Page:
Troubled Zimra faces parly probe

According to documents seen by this publication, Zimra is  facing a parliamentary investigation over alleged operational irregularities and financial misconduct.

ZIMBABWE may have lost potential revenues running into millions of United States dollars due to lax systems at the Zimbabwe Revenue Authority (Zimra), which is now facing parliamentary probe.

The tax authority is scheduled to appear before the public accounts committee over various operational and governance irregularities at a yet to be announced date, The Standard established.

Reports by the Auditor General have previously exposed endemic corruption, misappropriation of funds, violation of government laws and poor corporate governance within the Zimra.

According to documents seen by this publication, Zimra is  facing a parliamentary investigation over alleged operational irregularities and financial misconduct.

The documents reveal that there was mishandling of substantial revenue within the organisation.

“Looking at unclassified deposits — an amount of ZWL$ 1.6 billion included on the Revenue Return was not receipted and the amounts were not allocated to any tax head by end of December 2021,” reads the report.

According to the documents, the lack of oversight resulted in some taxpayers continuing to accumulate penalties and interest on purported outstanding amounts.

The report criticised Zimra for failing to adhere to International Financial Reporting Standard (IFRS) 16 concerning the accounting of foreign currency-denominated leases.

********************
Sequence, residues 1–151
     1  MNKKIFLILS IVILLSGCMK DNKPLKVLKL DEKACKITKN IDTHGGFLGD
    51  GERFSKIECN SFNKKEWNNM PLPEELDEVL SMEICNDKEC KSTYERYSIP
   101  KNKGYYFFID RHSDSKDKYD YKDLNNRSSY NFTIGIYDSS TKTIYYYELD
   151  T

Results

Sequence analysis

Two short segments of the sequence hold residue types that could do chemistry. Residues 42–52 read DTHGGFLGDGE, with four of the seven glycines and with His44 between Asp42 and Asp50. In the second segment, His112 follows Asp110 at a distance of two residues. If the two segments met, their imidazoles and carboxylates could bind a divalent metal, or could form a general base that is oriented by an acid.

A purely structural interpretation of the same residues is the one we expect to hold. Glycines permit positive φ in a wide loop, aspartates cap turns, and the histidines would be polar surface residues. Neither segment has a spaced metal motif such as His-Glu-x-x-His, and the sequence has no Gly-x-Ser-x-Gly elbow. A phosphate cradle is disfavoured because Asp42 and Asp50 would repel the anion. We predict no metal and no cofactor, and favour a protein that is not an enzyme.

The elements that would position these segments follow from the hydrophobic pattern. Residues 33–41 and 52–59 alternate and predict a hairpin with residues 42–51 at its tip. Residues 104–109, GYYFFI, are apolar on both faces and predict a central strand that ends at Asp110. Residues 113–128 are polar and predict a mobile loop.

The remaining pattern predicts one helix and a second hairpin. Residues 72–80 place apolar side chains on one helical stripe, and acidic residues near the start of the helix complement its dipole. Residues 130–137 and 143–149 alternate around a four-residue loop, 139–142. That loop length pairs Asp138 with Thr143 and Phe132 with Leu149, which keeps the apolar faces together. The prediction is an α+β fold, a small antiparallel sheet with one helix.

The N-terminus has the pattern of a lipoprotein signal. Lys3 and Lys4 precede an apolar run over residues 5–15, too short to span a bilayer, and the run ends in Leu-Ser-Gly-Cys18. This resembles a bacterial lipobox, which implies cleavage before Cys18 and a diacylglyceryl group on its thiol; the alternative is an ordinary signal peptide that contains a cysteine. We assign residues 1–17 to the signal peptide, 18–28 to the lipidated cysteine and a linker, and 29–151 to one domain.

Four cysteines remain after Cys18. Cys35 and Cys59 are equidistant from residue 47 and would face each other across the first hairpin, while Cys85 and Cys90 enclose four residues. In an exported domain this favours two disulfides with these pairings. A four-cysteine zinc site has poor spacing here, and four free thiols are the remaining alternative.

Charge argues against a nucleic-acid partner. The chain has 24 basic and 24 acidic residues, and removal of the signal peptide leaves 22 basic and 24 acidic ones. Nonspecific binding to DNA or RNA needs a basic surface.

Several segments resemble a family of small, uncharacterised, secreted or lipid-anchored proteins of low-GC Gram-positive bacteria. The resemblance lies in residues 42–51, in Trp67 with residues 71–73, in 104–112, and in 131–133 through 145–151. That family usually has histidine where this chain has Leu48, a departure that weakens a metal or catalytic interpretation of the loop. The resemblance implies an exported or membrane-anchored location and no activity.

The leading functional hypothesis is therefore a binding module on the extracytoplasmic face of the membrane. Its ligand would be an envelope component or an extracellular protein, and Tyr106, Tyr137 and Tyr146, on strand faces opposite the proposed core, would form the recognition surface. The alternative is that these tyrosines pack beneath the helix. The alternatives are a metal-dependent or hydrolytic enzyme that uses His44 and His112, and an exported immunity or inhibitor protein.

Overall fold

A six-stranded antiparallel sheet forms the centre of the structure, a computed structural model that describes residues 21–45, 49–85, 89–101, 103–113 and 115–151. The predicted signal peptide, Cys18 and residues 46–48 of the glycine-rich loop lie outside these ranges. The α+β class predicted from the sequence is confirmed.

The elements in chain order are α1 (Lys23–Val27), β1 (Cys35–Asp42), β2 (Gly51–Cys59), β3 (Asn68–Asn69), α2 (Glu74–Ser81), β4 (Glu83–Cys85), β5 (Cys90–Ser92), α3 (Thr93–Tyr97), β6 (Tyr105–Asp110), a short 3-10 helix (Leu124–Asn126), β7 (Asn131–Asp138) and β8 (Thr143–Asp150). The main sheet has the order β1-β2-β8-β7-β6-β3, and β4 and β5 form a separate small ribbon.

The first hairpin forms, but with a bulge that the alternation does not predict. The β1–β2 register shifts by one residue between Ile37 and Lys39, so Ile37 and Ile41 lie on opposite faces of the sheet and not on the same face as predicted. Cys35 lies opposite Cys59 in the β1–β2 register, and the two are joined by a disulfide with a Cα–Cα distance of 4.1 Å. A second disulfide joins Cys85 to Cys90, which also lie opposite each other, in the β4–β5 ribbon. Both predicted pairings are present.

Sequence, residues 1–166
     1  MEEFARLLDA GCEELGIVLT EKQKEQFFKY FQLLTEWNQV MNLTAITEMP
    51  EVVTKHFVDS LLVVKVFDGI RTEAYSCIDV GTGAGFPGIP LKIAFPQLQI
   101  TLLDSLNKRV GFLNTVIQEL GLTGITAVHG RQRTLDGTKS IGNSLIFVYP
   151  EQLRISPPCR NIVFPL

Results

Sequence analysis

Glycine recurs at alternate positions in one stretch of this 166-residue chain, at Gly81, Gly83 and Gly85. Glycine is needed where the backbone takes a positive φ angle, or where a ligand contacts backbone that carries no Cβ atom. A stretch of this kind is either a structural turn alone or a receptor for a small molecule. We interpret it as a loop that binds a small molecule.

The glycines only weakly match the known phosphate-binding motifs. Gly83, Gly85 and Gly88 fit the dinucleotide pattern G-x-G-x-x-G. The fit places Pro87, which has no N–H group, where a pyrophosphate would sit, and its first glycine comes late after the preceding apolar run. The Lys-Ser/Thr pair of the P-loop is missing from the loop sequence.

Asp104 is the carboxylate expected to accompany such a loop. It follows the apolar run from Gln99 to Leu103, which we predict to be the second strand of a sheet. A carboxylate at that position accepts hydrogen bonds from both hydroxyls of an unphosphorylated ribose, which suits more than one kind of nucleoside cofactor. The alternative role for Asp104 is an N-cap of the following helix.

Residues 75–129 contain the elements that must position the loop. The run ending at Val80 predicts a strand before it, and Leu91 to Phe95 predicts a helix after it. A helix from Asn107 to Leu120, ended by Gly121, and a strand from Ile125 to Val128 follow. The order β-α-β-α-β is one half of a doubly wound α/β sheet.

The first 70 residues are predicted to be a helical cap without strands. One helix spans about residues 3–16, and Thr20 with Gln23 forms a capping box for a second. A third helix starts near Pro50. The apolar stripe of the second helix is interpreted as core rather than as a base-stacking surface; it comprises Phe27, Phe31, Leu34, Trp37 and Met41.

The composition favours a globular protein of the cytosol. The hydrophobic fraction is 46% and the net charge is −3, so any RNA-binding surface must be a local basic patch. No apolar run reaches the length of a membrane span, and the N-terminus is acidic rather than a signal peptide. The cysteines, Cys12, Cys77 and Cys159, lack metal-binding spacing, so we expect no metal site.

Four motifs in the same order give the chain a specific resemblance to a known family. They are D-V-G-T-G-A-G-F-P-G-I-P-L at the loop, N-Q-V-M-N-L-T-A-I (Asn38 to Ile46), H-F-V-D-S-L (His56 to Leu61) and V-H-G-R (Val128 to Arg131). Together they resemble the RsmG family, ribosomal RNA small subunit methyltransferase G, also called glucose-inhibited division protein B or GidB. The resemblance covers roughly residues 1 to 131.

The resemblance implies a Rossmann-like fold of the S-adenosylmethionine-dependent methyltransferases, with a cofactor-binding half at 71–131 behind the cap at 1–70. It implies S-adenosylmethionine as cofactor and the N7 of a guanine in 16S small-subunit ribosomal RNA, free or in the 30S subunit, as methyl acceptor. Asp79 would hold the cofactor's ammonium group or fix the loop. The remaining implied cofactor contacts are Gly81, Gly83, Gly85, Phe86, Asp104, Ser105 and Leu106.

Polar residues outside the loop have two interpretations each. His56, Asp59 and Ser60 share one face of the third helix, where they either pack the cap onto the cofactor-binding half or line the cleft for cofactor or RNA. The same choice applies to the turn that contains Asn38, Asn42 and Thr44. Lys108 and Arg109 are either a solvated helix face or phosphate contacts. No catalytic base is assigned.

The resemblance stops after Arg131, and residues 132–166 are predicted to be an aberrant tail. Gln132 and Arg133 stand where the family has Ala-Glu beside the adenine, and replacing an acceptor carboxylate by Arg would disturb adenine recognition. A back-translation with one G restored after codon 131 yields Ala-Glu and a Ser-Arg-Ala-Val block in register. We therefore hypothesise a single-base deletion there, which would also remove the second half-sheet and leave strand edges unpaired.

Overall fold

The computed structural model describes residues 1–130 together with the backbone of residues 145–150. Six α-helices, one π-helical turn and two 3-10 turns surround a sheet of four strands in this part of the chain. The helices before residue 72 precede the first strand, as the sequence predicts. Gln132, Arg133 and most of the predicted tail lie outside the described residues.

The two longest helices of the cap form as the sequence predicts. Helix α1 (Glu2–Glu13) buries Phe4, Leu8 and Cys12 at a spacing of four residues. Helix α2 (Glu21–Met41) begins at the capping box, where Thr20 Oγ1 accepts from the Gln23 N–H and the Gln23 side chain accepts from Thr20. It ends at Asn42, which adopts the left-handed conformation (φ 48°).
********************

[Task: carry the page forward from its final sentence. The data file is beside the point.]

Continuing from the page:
“The Authority did not translate foreign denominated leases using the interbank rate that was prevailing at the time of payment.

“In addition, lease modifications were not also accounted for as required,” it said.

The Zimra e-service platform, operational since 2016, was also found deficient.

“The platform struggled to manage high volumes of transactions during peak periods of return submissions,” the report said.

“Consequently, it failed to capture all returns submitted via email, which served as an alternative submission method.”

This inefficiency resulted in some businesses not being charged civil penalties for outstanding returns, undermining the tax authority's enforcement capabilities.

The document also noted weaknesses in the control of temporary import permits (TIPs).

 “The Authority`s controls over TIPs were not water tight. As a result, there were 26 487 electronic temporary import permits that were issued and had expired and not acquitted as at December 31, 2022,” it added.

 “In addition, the Authority issued 43 385 manual temporary import permits during the year, however, the report could not establish the number of manual TIPs that had expired due to weaknesses in the internal controls.

“The report could, therefore, not establish any potential duty in relation to expired TIPs that were not acquitted.”

The Auditor General has been exposing leakages as well as corruption within the tax authority, that resulted in the country losing potential revenues.

In 2021, the Auditor General exposed how Zimra failed to receipt deposits from clients worth close to $2 billion (about US$3 million) in 2020.

On Thursday, Delta Beverages dragged Zimra to the High Court contesting a US$54,8 million tax charge, which it described as an "unjust enrichment".

The Zimbabwe Anti-Corruption Commission has also nabbed some Zimra officials for corruption, with some having their assets forfeited to the State on charges of being in possession of ill-gotten wealth. 

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